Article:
Norman Hawkes became a self-confessed car registrations ‘anorak’ at an even younger age than most of the enthusiasts from whom we receive correspondence. The fascination endured and, as an adult, Norman managed to secure his perfect number plate, 1 NEH.
“As a small boy I had a wooden cart with this registration number painted on. Quite by chance I spotted it for sale in 1971. Those were the days before registrations became big business, with ads in The Sunday Times etc. The number was still on its original Morris Minor. I bought it there and then and have had it on all sorts of cars since.”
Since 1991, 1 NEH has adorned Norman’s striking (and rare) red 1965 TVR Trident.
Norman has a strong preference for the older, dateless number plate formats. He considers them historically significant, and far more interesting than the more recent styles with their built-in year codes.
“I don’t like these ‘age-related’ plates the DVLA give out at all. They look all wrong to me. “I really don’t like the new system much.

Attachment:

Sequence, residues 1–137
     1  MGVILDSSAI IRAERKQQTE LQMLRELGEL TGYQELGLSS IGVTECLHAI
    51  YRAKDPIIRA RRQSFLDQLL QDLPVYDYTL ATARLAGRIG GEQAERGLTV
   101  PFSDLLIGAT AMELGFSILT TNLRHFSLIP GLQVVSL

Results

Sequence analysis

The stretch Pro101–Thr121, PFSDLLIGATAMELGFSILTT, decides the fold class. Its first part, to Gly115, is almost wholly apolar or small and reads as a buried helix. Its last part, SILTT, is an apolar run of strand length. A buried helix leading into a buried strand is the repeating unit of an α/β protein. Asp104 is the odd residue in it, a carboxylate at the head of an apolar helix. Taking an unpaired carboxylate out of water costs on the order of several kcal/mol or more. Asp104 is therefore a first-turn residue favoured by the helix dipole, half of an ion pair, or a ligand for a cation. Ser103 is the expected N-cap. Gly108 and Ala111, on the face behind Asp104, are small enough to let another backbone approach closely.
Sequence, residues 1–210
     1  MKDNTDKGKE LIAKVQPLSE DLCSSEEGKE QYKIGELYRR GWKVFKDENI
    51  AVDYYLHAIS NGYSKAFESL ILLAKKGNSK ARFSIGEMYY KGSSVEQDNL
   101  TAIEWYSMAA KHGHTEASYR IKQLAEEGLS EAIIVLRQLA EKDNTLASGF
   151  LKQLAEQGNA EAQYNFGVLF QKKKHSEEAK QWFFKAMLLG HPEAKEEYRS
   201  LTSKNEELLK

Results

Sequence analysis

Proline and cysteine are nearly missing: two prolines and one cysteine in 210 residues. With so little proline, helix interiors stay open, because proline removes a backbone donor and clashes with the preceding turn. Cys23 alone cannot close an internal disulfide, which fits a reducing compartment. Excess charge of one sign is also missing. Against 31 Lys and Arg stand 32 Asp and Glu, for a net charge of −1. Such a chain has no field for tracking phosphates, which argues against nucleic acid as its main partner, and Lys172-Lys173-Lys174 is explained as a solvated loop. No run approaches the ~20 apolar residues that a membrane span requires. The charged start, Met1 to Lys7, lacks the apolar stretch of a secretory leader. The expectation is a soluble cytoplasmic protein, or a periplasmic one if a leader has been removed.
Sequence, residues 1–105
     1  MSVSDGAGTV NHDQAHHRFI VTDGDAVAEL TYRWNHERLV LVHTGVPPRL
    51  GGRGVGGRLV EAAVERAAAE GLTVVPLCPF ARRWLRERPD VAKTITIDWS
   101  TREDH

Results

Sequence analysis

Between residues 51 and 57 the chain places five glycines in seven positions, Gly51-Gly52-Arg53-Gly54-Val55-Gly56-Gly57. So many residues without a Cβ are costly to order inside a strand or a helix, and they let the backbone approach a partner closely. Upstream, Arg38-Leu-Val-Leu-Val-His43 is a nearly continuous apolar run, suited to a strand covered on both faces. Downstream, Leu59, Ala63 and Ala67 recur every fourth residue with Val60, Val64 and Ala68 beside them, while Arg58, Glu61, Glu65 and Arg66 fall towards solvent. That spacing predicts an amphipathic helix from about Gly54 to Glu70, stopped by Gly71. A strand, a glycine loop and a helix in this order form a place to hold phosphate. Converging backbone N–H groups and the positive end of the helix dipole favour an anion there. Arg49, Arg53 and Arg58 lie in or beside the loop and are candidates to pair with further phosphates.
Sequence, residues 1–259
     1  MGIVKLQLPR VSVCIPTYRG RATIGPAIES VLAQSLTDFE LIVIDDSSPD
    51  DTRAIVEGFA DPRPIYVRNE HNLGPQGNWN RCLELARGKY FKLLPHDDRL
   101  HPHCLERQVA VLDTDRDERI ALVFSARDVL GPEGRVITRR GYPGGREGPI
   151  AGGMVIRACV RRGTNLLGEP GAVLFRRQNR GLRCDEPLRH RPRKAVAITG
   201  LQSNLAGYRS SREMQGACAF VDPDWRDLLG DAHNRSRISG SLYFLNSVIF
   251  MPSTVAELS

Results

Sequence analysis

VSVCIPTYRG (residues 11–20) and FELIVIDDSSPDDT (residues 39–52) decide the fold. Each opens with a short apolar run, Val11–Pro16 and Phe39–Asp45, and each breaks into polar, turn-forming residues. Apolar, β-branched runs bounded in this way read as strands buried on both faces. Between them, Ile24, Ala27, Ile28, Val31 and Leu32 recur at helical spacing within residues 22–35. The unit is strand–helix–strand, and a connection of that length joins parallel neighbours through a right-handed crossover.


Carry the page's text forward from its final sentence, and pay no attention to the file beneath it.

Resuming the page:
I shouldn’t really say this because, believe it or not (and most don’t), I actually came up with the whole system back in the early 1980s when the DVLA asked for ideas for a new format. At that time, they just reversed the old suffix system, as I knew they would. But then, when the prefixes ran out, they dusted off my proposal.
The only differences were that my system was based on the original two-letter codes, in order to keep a link back to 1904, and my year-numbers would only change once a year, running from 1st January to 31st December: something that countries like Ireland now seem to be able to manage perfectly well… although we can’t, for some reason.
“I still have all the letters, so I can actually prove what I say but, of course, the DVLA deny I had any involvement!”